Early one morning in June of 1985, when Susheel Gupta was just 12 years old, he woke up to the phone ringing in his family’s home. Minutes later, he received devastating news that would change his life forever: his mother, Ramwati, had been killed in a plane crash. The plane was Air India flight 182.
In the years that followed, Susheel and his family were forced to navigate a legal system fraught with flaws that left them feeling ignored and without justice. Thankfully, Susheel found inspiration and mentorship from compassionate individuals such as local lawyers and police officers, who taught him that if he wanted to change the system, he should work within it. He watched his father advocate for victims' families, as head of the Air India Victims' Families Association, and push for a public inquiry and criminal investigation that would take more than twenty years.
Susheel went on to study law at the University of Ottawa, articled with an administrative tribunal, and was called to the Bar in 2000. He was later hired by the federal prosecution service, mostly dealing with crimes involving narcotics and technology crime. Over the years, he has served most of his career in the public service with the agency now named Public Prosecution Service of Canada, as a prosecutor and computer crime advisor, special advisor at the Canadian Air Transport Security Authority, and as counsel in the Crimes Against Humanity and War Crimes section of the Department of Justice. Mr. Gupta is currently an employee of the Public Prosecution Service of Canada, on leave without pay as he serves a second term as vice-chair of the Canadian Human Rights Tribunal.
In his personal time, has worked as a member of the executive of the victims' families association and as its spokesperson. He is chair of the Canadian Resource Centre for Victims of Crime and also co-chairs the steering committee of the $10-million Kanishka Project, established with funds from the federal government to oversee the distribution of research grants in the areas of law enforcement and counter-terrorism. Susheel is a long-time member of the Ontario Bar Association.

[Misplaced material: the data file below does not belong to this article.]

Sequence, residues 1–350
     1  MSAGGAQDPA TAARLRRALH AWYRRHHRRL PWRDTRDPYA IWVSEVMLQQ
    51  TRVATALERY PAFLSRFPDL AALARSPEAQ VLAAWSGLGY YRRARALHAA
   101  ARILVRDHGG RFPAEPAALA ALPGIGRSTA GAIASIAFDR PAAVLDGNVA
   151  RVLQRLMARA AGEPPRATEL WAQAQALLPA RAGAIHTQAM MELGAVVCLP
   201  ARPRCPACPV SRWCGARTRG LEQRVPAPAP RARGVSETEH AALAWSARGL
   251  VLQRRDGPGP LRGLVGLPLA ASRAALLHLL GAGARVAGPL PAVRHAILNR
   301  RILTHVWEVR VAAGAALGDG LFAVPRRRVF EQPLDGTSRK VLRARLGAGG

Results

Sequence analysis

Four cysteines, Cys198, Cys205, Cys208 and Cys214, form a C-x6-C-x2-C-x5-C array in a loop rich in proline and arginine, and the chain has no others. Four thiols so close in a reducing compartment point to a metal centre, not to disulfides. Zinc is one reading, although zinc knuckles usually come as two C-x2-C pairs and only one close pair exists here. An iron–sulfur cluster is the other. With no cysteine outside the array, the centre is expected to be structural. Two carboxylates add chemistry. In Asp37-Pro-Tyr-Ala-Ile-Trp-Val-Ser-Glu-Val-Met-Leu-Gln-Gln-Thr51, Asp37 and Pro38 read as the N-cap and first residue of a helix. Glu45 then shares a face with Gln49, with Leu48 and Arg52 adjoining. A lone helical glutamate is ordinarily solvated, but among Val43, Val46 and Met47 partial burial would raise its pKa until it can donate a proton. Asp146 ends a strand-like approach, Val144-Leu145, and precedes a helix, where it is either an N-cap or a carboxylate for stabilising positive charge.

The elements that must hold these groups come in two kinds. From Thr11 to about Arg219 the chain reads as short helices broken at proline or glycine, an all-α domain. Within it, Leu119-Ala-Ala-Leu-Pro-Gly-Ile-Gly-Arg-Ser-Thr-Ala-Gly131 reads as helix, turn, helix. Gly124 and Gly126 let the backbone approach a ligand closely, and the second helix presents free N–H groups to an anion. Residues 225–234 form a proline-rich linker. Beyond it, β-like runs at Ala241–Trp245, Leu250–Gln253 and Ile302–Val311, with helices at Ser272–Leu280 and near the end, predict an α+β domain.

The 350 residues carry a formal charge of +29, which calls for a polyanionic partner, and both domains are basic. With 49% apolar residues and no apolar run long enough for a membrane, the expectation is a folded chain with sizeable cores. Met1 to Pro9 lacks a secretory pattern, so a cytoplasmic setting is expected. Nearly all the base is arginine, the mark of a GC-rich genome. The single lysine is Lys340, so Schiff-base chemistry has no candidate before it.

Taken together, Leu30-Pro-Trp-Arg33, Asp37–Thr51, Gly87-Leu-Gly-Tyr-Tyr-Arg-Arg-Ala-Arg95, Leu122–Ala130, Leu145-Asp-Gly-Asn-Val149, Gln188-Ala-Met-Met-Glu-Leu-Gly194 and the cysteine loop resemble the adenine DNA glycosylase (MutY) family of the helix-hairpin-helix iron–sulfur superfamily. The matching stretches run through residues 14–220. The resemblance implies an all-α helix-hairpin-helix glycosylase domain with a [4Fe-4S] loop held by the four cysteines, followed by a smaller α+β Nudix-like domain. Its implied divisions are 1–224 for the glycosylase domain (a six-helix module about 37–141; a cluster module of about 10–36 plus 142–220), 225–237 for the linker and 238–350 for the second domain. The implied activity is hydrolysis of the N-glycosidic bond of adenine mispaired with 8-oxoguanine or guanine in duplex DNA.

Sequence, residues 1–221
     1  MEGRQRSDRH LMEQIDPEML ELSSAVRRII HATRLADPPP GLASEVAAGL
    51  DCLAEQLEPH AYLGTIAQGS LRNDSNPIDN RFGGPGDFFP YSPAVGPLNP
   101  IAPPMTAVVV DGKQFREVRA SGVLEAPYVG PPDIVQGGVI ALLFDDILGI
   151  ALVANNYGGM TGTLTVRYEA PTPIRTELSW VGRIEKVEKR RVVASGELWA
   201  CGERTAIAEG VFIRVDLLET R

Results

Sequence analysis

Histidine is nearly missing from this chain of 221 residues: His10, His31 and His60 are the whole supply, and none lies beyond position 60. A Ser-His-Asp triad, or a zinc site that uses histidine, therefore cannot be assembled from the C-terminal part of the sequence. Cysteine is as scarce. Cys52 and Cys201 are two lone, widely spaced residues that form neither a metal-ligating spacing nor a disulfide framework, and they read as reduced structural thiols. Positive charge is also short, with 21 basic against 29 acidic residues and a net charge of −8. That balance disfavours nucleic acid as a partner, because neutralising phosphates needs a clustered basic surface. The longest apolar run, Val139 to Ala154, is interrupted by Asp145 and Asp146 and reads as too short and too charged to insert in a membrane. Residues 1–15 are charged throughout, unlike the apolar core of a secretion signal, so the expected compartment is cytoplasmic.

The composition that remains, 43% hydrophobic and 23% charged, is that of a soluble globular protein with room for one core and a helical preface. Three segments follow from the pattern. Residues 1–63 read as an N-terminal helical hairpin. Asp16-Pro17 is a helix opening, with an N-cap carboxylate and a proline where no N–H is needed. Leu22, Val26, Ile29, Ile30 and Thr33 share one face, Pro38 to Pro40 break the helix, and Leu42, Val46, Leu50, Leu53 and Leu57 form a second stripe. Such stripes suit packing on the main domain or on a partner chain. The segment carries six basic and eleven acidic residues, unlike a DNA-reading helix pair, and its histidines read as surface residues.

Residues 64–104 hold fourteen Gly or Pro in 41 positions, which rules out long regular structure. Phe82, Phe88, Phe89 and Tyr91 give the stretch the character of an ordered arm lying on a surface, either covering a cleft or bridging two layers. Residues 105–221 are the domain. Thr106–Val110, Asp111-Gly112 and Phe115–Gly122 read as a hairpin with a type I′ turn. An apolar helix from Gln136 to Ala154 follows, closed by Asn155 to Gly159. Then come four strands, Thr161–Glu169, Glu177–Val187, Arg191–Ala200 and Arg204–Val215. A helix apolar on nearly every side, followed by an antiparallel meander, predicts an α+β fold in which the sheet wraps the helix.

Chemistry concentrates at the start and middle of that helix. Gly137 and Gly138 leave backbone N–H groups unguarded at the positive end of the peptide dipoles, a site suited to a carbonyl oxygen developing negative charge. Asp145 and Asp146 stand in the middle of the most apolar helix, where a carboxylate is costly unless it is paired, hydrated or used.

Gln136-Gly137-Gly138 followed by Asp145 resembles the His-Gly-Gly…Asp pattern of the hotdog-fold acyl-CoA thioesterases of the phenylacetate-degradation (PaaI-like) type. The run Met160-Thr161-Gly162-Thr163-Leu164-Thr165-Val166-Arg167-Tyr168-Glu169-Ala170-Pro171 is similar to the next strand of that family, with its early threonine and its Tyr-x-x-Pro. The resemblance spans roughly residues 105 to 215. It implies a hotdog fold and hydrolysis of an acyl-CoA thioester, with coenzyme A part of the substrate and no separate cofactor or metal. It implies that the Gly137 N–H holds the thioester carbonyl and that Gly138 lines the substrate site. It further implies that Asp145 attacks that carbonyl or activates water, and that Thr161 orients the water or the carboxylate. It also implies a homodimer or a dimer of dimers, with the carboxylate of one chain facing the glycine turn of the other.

In a 2013 essay he submitted for the OBA’s “Why I Went to Law School” campaign, Susheel wrote: “I’ve met a number of people who were passionate about justice and who taught me that we have a great system in Canada. That led me down the path of wanting to be part of the justice system, to try and do my part to make our country safer and ensure that no one would have to suffer as we did.”
In recognition of Susheel’s significant contributions to the advancement of justice in Ontario, on April 20th the Ontario Bar Association awarded him with its prestigious President’s Award, presented by OBA President Ed Upenieks at the association’s annual award gala.
“Susheel has devoted his life to improving our justice system and helping victims of terrorism around the world. Susheel is a truly remarkable lawyer”, says Upenieks.
As a survivor, community member and public servant, Mr. Gupta has surpassed the goals he set on his journey forward from that devastating morning in June of 1985. By channeling his grief over his mother's murder into something meaningful, Susheel has transformed his family’s tragic story into something remarkable.
The OBA is proud to acknowledge Susheel for is examplary service to the profession.
Also awarded at the Aprl 20th Awards Gala were seven other exemplary individuals. Please check back to learn more about their exceptional contributions to the legal profession and community at large.
OBA's Award for Distinguished Service
Angela J. Swan, Aird & Berlis LLP
Jerry B. Udell, McTague Law Firm LLP
Frank E. Walwyn, WeirFoulds LLP
OBA's Linda Adlam Manning Award for Volunteerism
Karen Perron, Borden Ladner Gervais LLP
OBA's Heather McArthur Memorial Young Lawyers' Award
Brock B. Jones, Ministry of the Attorney General - Criminal Law Division-Crown Attorney's Office